7. Under Select fields, use the reorder button to reorder the fields and match the following order:
    • Percent of Black or African American population digitally excluded
    • Percent of American Indian and Alaska Native population digitally excluded
    • Percent of Asian Population digitally excluded
    • Percent of Native Hawaiian and Other Pacific Islander Population digitally excluded
    • Percent of Some Other Race Population digitally excluded
    • Percent of Two or More Races Population digitally excluded
    • Percent of Non-Hispanic White Population digitally excluded
    • Percent of Hispanic or Latino Population digitally excluded

      Reorder the fields

      Note:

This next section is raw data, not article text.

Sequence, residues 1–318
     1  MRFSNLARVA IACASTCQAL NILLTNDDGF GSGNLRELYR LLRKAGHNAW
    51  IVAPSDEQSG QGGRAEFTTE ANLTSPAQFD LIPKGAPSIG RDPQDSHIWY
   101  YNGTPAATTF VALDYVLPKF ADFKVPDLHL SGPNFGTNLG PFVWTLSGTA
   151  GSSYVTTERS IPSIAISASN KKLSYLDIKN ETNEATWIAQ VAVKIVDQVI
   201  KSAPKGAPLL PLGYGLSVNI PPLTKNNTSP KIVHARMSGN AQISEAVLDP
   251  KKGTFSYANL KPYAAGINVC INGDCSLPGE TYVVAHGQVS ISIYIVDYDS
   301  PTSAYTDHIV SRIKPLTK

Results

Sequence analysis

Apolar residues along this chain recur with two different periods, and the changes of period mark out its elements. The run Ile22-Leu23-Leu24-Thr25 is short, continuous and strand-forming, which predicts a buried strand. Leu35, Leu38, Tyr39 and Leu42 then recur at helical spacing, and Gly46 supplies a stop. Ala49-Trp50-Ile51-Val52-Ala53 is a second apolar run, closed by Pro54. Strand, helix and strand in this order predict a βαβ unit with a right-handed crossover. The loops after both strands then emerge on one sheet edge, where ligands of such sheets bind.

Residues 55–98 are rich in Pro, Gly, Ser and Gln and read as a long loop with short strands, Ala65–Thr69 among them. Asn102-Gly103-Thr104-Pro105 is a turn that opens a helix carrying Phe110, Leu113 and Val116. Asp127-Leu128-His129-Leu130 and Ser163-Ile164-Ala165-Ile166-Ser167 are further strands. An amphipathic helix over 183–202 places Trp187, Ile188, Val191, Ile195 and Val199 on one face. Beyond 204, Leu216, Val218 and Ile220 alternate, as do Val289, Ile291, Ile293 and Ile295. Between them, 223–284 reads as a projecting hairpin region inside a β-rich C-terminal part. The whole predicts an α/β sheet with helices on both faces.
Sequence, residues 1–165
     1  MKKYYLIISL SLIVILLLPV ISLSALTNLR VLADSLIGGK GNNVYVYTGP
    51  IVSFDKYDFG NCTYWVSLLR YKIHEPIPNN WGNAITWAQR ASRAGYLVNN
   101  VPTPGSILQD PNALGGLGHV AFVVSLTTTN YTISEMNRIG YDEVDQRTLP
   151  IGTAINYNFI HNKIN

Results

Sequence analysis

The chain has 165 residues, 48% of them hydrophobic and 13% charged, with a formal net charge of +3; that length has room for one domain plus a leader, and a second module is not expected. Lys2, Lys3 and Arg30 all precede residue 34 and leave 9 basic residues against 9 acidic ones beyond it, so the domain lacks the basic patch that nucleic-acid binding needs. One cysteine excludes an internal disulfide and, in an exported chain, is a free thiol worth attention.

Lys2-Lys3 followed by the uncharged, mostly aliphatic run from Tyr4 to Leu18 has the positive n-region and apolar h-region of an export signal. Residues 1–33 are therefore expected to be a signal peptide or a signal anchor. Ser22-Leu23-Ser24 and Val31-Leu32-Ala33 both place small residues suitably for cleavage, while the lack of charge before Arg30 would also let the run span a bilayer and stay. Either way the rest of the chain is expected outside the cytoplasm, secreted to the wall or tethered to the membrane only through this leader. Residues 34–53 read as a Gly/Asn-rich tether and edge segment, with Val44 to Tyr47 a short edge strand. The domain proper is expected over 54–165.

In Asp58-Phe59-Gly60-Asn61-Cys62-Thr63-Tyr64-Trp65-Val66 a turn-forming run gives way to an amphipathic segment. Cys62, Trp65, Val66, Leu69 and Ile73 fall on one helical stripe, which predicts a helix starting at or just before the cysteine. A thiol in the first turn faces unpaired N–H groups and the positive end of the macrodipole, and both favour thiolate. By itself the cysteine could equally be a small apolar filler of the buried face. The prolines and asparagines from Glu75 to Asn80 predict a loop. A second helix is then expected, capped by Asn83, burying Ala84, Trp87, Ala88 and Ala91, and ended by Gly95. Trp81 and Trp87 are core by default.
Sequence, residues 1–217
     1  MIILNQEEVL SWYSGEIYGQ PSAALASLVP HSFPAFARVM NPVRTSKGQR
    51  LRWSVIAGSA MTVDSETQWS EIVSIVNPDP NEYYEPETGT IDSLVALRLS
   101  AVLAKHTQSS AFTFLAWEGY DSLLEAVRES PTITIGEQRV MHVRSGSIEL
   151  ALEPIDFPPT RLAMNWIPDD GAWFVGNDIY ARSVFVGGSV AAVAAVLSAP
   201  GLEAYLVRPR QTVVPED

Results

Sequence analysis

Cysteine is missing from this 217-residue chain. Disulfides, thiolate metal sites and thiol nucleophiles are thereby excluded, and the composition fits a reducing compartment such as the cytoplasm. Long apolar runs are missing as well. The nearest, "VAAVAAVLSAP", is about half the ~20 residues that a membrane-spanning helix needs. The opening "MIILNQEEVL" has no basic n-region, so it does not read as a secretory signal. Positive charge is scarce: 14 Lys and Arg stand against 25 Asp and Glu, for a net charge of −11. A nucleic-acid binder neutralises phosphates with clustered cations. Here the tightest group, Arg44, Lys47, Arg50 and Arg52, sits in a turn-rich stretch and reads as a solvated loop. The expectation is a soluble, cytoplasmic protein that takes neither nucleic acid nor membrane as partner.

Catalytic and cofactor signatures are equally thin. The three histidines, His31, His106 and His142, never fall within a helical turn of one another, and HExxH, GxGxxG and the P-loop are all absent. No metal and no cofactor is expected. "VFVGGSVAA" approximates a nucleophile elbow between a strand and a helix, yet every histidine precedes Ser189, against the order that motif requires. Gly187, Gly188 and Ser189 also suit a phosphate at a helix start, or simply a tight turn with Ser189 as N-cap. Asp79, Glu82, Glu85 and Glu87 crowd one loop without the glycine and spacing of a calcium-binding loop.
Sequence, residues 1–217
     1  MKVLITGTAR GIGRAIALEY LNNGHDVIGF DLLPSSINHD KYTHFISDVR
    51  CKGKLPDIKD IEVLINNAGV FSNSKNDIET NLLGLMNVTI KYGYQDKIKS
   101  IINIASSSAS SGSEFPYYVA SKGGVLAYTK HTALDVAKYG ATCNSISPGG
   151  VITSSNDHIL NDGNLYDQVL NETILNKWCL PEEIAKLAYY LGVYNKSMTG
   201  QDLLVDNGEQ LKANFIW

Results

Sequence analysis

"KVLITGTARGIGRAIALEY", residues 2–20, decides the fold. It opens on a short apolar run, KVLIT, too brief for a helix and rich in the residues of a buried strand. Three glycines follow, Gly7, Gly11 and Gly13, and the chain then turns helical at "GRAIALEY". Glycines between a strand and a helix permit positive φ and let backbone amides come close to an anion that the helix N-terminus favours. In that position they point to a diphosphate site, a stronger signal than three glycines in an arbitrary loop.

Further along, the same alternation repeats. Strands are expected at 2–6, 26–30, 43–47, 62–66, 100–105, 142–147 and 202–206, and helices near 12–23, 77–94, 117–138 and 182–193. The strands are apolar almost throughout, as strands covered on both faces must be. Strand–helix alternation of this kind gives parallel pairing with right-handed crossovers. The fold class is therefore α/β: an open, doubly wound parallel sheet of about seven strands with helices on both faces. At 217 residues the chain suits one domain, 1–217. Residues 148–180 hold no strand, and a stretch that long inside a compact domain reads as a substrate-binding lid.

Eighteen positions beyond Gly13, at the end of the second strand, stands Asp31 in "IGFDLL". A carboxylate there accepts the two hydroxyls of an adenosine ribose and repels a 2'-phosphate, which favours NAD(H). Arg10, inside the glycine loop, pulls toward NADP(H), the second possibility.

This is the order favored by the U.S. Census Bureau.

  8. Click Done.
  9. Review the chart in the pop-up preview.

    First pop-up chart

    As you point to each bar, you can see the information about each race and ethnicity group. This chart provides useful information, but it is important for the user to also take into consideration how the groups compare in terms of population size in the county. You'll add a second chart to show how the total population breaks down by race and ethnicity.

  10. At the bottom of the Pop-ups configuration pane, click Add content and click Chart.
  11. In the Configure chart pane, verify that Bar is selected.
  12. For Title, type Total population by race and ethnicity.
  13. Click Select Fields.
  14. In the Select fields pane, in the search box, type total.